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How Neil Gorsuch Could Help Decide the Future of LGBTQ Civil Rights

Legal experts explain how the future of LGBTQ civil rights will be tested over the next few years.
Proudly waving the rainbow flag outside the Supreme Court. Photo by Flickr user Ted Eytan

On Tuesday night, President Donald Trump nominated Neil Gorsuch to fill the Supreme Court seat left vacant by Antonin Scalia's death nearly a year ago. As a federal judge for the Tenth Circuit, Gorsuch has built up a staunchly conservative record: His 2010 Burwell v. Hobby Lobby decision supported giving employers the right to not provide contraceptives to their employees in the name of "religious freedom"; in 2015, he joined an opinion to deny an incarcerated trans woman in Oklahoma the rights to gender-affirming hormone therapy and feminine clothing.


Should the Senate confirm him, as it most likely will, he'll likely have a say on cases that will affect LGBTQ Americans for decades to come, some of which will come in the very near future. Today a number of legal battles are currently playing out in state and federal courts with potential to reach the Supreme Court. These cover issues from LGBTQ employment discrimination to "religious freedom" (often meaning the freedom to discriminate) to public accommodations for transgender people. Queer and trans people at the intersection of multiple marginalized identities will bear their brunt. Precedents will be set, and Gorsuch may be the deciding vote in what those precedents are.

"Our community has made a lot of progress in the court system, which has encouraged even more [LGBTQ] people to pursue their rights through that court system," said Sarah Warbelow, the legal director of the Human Rights Campaign, one of the nation's leading LGBTQ lobbying groups. According to Warbelow and other legal experts, cases in pursuit of those rights with Supreme Court potential can be divided into three general categories. The first seek to determine whether anti-LGBTQ discrimination is a form of sex discrimination. Under Title VII of the Civil Rights Act of 1964, sex-based employment discrimination is illegal nationwide, but discrimination based on sexual orientation or gender identity is not. (A 2014 executive order protects employees of the federal government and its contractors from that sort of discrimination; on Tuesday, Trump announced he wouldn't rescind that order.)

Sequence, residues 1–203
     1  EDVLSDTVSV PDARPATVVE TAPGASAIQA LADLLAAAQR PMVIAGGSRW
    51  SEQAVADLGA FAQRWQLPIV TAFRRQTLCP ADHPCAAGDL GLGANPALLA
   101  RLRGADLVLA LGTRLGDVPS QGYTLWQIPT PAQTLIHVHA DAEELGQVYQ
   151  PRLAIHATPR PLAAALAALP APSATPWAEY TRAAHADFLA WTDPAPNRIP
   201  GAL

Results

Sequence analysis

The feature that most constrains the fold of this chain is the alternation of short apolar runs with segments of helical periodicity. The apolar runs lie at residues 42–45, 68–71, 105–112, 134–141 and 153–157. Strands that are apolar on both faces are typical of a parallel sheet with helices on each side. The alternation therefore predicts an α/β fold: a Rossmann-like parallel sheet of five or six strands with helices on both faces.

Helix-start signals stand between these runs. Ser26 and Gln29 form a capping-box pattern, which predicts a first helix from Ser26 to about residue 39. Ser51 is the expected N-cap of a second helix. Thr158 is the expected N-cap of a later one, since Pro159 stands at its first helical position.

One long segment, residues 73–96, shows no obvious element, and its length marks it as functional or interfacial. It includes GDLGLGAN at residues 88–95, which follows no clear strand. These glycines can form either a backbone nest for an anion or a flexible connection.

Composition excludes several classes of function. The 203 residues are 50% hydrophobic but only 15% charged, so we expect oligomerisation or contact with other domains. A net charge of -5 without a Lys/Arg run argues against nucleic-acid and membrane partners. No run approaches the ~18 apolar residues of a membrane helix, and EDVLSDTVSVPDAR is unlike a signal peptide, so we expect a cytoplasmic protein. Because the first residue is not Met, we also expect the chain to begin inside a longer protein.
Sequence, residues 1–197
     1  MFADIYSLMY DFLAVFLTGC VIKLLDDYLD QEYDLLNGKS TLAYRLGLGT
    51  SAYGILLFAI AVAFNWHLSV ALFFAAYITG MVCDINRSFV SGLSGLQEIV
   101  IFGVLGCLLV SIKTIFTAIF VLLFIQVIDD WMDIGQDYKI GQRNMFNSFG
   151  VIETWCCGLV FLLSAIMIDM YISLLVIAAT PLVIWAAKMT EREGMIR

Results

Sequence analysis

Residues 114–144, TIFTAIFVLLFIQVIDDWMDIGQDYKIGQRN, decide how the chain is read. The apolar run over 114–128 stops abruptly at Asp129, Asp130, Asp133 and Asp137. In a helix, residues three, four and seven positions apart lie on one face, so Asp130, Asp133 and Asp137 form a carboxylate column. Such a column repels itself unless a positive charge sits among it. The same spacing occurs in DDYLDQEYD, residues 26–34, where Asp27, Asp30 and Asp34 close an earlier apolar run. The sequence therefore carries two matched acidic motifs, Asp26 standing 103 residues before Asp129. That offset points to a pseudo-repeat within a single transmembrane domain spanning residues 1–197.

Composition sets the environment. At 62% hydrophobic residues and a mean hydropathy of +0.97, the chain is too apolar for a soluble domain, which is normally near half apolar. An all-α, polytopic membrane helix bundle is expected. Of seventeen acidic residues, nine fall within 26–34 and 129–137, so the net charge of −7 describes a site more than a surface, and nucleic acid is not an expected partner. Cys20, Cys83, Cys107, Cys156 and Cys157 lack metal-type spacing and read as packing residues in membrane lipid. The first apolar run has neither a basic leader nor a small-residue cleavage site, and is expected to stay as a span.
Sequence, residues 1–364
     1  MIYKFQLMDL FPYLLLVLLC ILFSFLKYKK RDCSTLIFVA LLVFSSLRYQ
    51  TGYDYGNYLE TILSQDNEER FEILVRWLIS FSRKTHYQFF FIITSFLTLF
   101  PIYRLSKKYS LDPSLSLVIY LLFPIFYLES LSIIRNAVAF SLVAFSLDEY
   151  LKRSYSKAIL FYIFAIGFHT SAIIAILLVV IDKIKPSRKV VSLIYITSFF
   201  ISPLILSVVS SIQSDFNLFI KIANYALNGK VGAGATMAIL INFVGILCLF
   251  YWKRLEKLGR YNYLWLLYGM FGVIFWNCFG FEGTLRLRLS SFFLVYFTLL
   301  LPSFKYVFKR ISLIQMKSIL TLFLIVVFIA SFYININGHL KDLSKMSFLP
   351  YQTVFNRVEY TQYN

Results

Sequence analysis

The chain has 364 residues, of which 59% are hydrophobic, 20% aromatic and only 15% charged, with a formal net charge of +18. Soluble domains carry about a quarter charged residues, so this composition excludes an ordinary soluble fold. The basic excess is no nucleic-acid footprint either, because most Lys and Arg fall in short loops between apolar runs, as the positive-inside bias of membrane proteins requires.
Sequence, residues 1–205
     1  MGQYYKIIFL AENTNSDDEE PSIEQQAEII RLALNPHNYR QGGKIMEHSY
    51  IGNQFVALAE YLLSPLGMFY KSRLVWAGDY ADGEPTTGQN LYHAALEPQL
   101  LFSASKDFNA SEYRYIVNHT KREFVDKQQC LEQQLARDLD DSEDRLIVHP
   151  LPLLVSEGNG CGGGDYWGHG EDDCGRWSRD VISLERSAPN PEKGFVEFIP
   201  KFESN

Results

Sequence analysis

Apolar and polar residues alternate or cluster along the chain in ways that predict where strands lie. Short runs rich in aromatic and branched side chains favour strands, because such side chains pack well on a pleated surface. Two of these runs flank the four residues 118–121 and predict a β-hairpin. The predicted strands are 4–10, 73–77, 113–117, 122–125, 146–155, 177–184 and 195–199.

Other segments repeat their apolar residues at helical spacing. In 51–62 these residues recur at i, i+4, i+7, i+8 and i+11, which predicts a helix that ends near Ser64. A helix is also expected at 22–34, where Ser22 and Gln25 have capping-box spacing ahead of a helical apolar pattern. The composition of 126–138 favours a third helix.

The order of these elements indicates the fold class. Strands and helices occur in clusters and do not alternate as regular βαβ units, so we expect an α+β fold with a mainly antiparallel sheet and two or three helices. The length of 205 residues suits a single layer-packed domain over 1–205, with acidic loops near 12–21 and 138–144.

Inclusive anti-discrimination laws do exist at the state level, but only in about two-fifths of states, leaving LGBTQ residents in many jurisdictions facing discrimination in employment, housing, public accommodations, and other areas. Since federal law supersedes state law, many attorneys hope to prove that Title VII's prohibition against sex discrimination also covers homophobic and transphobic discrimination. And there are a handful of viable cases that could bring that argument before the Court. On the sexual orientation front, there are Hively v. Ivy Tech Community College and Evans v. Georgia Regional Hospital, both of which involve lesbian-identified women who allege that their former employers harassed them, denied them promotions, and even terminated their employment on account of their sexual orientation. Hively is farther along than Evans—attorneys from Lambda Legal argued the case in the Seventh Circuit Court of Appeals last November—but "if either of those [cases] made it to the Supreme Court, they could set a precedent that sex discrimination covers sexual orientation," said James Essecks, the director of the American Civil Liberties Union's LGBT and HIV Project.